Best of 2010 Errata, Vol. 2: In Evening Air

After stumbling upon Future Island’s 2010 effort In Evening Air only 48 hours ago, I already have realized it belongs among the Errata of my ‘Best of 2010’ list.

What prompted this investigation was hearing so much buzz in the music blog circuit about Future Islands, culminating with the post over at my new favorite blog, The Wounded Jukebox. So I figured I might as well look into it and pulled up Future Islands on Spotify (which I should probably do a post on in and of itself; suffice to say it is useful as hell).

In Evening Air had me captivated in only a few mintues. It’s been said countless times, but merits repeating: the utterly bizarre timbre of Samuel T. Herring’s voice is captivating to say the least. Apparently the group also kills live, but I’ll need to get back to you on that. The most accessible, and thus far my favorite, track of the album is ‘Tin Man‘.

      Tin Man - Future Islands

Opening with the whimsical electronic marimba, the percussion is sparing and synthetic, but that’s because most of the rhythm comes from the synthesizers and the bass (though for the life of me I can’t really say which is which). On the first few listens, the lyrics are damn near indecipherable, and initially that’s fine because the pure emotion behind the track is more than enough to carry it.

After a few listens though, along with a peak at the liner notes, reveals a lyrical styling that seems as wise as it does cryptic:

And time – goes by
And you’ve got a lot to learn, in your life
And the heart’s not inside
And I’ve got to find the one that’s just right

The title track is a minute-long interlude of a sparse melody whose echoes seem to bounce of the walls, and the placement of which marks a nice halfway point in the album.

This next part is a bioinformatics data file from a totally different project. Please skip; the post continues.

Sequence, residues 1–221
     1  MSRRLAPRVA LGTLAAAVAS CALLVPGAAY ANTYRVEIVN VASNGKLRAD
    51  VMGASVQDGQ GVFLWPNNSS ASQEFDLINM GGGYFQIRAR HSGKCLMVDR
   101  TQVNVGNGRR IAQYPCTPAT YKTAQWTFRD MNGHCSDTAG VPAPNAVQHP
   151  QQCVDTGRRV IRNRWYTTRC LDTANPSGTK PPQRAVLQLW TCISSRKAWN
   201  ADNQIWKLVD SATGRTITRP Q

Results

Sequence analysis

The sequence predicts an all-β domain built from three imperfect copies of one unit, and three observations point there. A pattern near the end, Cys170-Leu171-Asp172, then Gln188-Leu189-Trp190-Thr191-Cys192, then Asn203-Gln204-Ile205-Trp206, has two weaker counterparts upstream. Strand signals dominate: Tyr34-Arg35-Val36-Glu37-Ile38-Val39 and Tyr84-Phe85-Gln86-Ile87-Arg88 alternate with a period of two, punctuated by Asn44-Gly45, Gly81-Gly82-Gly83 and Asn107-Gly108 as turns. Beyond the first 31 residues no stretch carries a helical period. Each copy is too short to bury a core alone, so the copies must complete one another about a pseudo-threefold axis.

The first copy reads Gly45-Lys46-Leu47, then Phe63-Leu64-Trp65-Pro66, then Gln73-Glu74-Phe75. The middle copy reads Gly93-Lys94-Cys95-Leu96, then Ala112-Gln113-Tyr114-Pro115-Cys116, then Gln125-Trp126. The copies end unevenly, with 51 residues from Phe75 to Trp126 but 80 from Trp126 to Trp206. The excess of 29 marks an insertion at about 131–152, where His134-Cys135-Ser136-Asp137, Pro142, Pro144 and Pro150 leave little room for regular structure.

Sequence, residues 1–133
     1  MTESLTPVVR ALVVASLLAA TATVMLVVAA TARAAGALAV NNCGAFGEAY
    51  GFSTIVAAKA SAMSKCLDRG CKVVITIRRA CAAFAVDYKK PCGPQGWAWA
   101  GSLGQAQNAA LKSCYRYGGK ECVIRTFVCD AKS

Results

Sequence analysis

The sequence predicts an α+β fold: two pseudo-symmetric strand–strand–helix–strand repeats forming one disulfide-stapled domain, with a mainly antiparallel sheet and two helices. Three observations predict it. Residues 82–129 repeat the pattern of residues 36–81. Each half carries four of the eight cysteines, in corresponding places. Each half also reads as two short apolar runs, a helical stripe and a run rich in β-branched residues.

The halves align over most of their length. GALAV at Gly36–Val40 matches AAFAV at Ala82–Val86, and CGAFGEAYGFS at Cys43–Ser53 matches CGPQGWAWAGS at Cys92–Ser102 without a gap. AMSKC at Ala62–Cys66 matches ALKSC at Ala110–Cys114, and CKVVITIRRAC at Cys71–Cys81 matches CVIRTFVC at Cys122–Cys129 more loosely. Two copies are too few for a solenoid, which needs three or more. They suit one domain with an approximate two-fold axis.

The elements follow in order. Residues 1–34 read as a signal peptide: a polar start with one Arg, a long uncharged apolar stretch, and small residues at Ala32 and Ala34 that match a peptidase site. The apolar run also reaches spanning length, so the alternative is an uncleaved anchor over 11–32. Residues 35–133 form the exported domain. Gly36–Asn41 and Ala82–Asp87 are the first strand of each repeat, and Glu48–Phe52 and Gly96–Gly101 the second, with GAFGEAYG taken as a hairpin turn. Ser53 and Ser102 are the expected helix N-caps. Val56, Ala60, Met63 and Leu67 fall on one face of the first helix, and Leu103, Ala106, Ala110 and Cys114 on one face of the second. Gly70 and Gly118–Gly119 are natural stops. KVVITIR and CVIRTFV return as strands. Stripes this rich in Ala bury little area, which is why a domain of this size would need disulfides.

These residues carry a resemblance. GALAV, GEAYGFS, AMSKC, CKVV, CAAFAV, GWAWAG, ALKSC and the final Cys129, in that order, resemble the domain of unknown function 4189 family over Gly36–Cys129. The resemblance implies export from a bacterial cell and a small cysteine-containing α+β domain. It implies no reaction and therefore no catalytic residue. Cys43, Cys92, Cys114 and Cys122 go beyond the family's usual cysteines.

One thing I’ve noted about almost all the tracks is that even if they aren’t aggressive, punchy numbers, nothing’s really all that slow. I really appreciate that, because I seldom care for tracks by synth-heavy bands that assume a slow track instantly grants them a certain automatic degree of emotional gravitas.

Future Islands provides a spectrum of tunes that vary in tone but not in intensity; tracks that sacrifice pace more than make up for it in depth. It’s this attribute that provides the glue that really holds the record together.

My second favorite track is the opener, ‘Walking Through the Door’, whose closing stanza of

And I’ll hold your hand- as I walk you through that door
And I’ll hold your hand as you held my hand as I walk you through the door

Is executed so well that I won’t even ruin it for you here. Find the track and listen to it and love it.

The last thing I want to share today is one of the later tracks, titled ‘Vireo’a Eye‘. What struck me about this song was how completely forlorn it’s message is despite being housed in a no-nonsense synth-pop framework.

      Vireo's Eye - Future Islands

The bass line is unrelenting, propelling you through the narrative, with the vocals cresting at the chorus, lamenting

We, we’re not kings here.
We’re not kings here.
We’re just strangers.

There’s nothing frilly to it, but it has a pure, almost refined quality to it. Along with that, it’s a melancholy tune with such a catchy beat that I can’t help but find it one of the most interesting of the batch.

By my reckoning, Future Islands still owes their highest highs to New Order and that band’s immediate contemporaries and progeny. That said, the road taken to get to those places is entirely new and worthwhile unto itself, making this album a must for anyone remotely interested in that flavor of “post-wave” or whatever we’ve decided to call it.

I’m excited to spend more time with In Evening Air as well as On The Water when it drops later in October, something I have no doubt will be discussed here in due time as well.

Future Islands – In Evening Air


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